Today’s hymn from Sing Praise is, unusually for this hymn book, one intended mainly for children. “There’s a man riding in on a donkey” is a telling of the Palm Sunday story set to the tune of an established favourite baptism song, “give me oil in my lamp”. This is no doubt because the chorus of the original – “Sing hosanna to the King of Kings” – is the chant always associated with Palm Sunday, as sung by the crowds welcoming Jesus into Jerusalem. (incidentally, I didn’t bother to write a blog post for yesterday’s song, as the words of ‘Sanna Sannanina’ are just that, ‘Hosanna’ in an unspecified ‘South African’ language).
The words of the verses explain simply that this “man riding in on a donkey” is in fact a king, but (verse 2) “why a king wearing no fine crown? Where the drums, where the high-sounding cymbals if a king is riding into town?” The question isn’t really answered in the text of the song, as verse 3 moves straight to “the joy of the news he brings” and proclaiming Jesus as “the Son of the Highest, the King of Kings”.
Why is the question not answered? Because this Sunday’s theme is seen as more accessible to children than the rest of the events of Holy Week and those who write songs or plan services want to keep things simple and happy for their sake. The correct answer to “why a king wearing no fine crown?” is around the understanding of leadership that Jesus demonstrated, leadership that is not only humble and willing to serve those he leads, but even to die for them. It’s easier to have songs and activities around someone riding a donkey and others waving greenery and singing “hosanna!” than it is to arrange something age-appropriate around the arrest, trial, torture and death of an innocent man.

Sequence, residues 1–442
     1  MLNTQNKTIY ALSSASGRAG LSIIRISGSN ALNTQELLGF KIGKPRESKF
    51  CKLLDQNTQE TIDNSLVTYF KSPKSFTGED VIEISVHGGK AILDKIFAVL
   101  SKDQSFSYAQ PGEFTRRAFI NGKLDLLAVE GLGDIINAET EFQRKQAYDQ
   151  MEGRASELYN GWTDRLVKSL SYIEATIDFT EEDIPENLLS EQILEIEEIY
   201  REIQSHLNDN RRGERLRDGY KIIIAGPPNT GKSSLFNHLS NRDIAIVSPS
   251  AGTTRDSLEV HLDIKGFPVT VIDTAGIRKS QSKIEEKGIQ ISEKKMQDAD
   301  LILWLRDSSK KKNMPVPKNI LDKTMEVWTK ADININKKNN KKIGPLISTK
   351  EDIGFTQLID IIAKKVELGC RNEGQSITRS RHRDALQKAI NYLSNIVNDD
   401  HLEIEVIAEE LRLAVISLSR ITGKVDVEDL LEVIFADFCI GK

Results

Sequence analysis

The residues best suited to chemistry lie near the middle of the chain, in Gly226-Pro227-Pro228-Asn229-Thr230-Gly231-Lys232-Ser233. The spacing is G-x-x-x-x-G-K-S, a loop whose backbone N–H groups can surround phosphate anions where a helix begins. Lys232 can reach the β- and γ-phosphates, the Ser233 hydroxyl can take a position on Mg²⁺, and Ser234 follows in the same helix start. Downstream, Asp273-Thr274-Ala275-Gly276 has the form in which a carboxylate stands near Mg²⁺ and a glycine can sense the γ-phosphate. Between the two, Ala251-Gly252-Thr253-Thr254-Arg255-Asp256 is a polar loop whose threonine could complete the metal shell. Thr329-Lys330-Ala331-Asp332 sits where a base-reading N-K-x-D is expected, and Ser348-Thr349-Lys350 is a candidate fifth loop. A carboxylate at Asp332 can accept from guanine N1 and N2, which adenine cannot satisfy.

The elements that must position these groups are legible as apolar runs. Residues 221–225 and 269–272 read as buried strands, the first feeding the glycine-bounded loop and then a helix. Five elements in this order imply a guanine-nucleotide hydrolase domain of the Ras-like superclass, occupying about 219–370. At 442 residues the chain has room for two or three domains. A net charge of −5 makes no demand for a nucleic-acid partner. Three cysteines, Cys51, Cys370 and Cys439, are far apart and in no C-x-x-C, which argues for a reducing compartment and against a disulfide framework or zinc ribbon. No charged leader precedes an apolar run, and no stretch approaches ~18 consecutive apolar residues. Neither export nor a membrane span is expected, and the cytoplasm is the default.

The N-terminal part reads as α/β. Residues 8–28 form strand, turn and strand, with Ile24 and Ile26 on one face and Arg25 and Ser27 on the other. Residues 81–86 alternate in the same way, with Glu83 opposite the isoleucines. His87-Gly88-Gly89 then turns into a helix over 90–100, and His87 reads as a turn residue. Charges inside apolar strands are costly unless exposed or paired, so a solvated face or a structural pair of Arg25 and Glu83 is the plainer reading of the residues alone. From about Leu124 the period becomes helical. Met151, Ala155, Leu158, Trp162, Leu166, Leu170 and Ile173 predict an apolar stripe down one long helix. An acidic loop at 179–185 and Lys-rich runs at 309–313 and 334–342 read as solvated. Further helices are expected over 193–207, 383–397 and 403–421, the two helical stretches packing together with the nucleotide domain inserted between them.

Even many adult Christians find it easier to stick to the joyful themes of Palm Sunday and Easter morning and pay less attention to the events in between. Clergy often complain how few people turn up for Maundy Thursday footwashing and Good Friday reflections – even though Friday is still a public holiday, even in our largely secular society, and most people will have the day off work. It takes more of an effort to enter into the sombre mood of the days leading up to the Crucifixion, all the more so when that secular society is unaware. I heard someone in a Zoom meeting yesterday telling of the shock he felt at the contrast between the silent reflection of a Holy Week retreat, and the busyness and jollity of the crowds he found back in town when it ended on Good Friday evening.
But it was no different in Jesus’ day – the crowds had gathered in Jerusalem for Passover and most of them were probably there for the jollity, to meet up with friends and relations, to take part in the Passover meal where I expect more than a few sips of wine were drunk to celebrate the people’s freedom. But you can’t celebrate Passover properly without remembering the slavery from which the Hebrews were freed, and you can’t celebrate Easter properly without having remembered the tragic events leading up to it.